RSA: Nation-state was behind SecurID hack

The theft of data about RSA Security tokens that was used in an attempted hack of a major U.S. defense contractor was carried out by two groups of hackers working for a nation-state, RSA executives say.

Speaking at the company’s European conference in London, RSA executive Chairman Art Coviello said the company has not been able to identify the nation behind it, but that, “we are very confident, with the skill and the degree and the resource behind the attack, that it could only have been perpetrated by a nation-state," reported ZDNet UK.

Coviello said the different methods used in the attacks indicated two groups, working in tandem, were involved, ZDNet UK reported.


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RSA in March reported the breach, which it said was a result of an “extremely sophisticated” attack to gain information from the company’s SecurID authentication tokens. In June, RSA confirmed that information from the breach was used in a failed attack in May on Lockheed Martin.

Cyberattacks against defense contractors L3 Communications and Northrop Grumman also were reported in May, but RSA has said only Lockheed Martin had been attacked as a result of the SecurID breach.

The attackers reportedly used phishing techniques on RSA employees to get them to click on a link that delivered a zero-day exploit, then quietly collected information on SecurID, which is used by many banks and other large organizations, such as defense contractors, to authenticate employees.

Researchers at F-Secure said in August the malware may have been contained in an Excel spreadsheet that arrived with a recruitment plan e-mail, PC World reported.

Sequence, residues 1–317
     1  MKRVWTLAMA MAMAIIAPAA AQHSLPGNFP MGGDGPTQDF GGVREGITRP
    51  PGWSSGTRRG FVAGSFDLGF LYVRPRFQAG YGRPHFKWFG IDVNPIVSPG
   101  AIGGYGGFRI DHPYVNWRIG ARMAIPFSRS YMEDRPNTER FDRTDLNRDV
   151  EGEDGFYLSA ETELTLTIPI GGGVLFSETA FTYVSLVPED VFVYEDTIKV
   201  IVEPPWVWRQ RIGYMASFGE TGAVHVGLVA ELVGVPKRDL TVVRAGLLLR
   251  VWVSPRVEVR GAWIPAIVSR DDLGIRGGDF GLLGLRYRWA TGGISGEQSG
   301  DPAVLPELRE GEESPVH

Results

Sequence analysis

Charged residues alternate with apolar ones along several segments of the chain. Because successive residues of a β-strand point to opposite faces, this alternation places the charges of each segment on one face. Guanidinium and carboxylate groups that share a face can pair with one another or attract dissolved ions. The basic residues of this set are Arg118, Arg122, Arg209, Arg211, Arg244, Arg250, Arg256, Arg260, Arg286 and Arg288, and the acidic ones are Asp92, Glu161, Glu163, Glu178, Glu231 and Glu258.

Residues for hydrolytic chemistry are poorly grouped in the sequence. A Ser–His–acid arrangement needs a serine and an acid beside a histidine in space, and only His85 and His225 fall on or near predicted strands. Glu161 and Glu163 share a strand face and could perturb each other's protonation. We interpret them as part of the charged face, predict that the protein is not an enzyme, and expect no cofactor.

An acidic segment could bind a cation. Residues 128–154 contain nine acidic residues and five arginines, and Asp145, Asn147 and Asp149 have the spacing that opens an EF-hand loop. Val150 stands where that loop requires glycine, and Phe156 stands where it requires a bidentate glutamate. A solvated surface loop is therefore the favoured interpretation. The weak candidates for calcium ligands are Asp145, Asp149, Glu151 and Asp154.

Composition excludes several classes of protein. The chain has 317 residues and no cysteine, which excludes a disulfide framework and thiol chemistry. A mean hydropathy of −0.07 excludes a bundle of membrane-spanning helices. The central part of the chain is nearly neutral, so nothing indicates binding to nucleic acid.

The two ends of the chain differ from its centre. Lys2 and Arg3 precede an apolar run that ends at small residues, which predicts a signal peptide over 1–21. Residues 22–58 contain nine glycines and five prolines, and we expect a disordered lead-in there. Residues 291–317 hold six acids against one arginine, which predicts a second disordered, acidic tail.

That information, believed to be about the seed numbers used by an algorithm to generate one-time passcodes on the token, was then used in the attack on Lockheed. Passcodes are used with a user’s log-in ID and personal identification code for network access.

“Whoever attacked Lockheed Martin was the same as attacked RSA or had access to information from the RSA breach,” Harry Sverdlove, chief technology officer of security company Bit9, told GCN in June.

Social-engineering tricks delivered by phishing e-mails have been used in a number of high-profile attacks, including the December 2009 hack of Google and an attack earlier this year of Google’s Gmail that snagged quite a few federal employees. Google blamed both of those attacks on China.

At the London conference, Coviello said the RSA attackers left traces of their espionage behind, but not enough to identify the country they came from.

After the attack, RSA reported it to international law enforcement agencies, and Coviello told ZDNet UK that the FBI, Homeland Security Department and Defense Department agencies are among those investigating.

Since the attack, the company has replaced SecurID tokens for many of its customers and offered others risk-based authentication strategies to protect Web-based financial transactions.

About the Author

Kevin McCaney is editor of Defense Systems. Follow him on Twitter: @KevinMcCaney.

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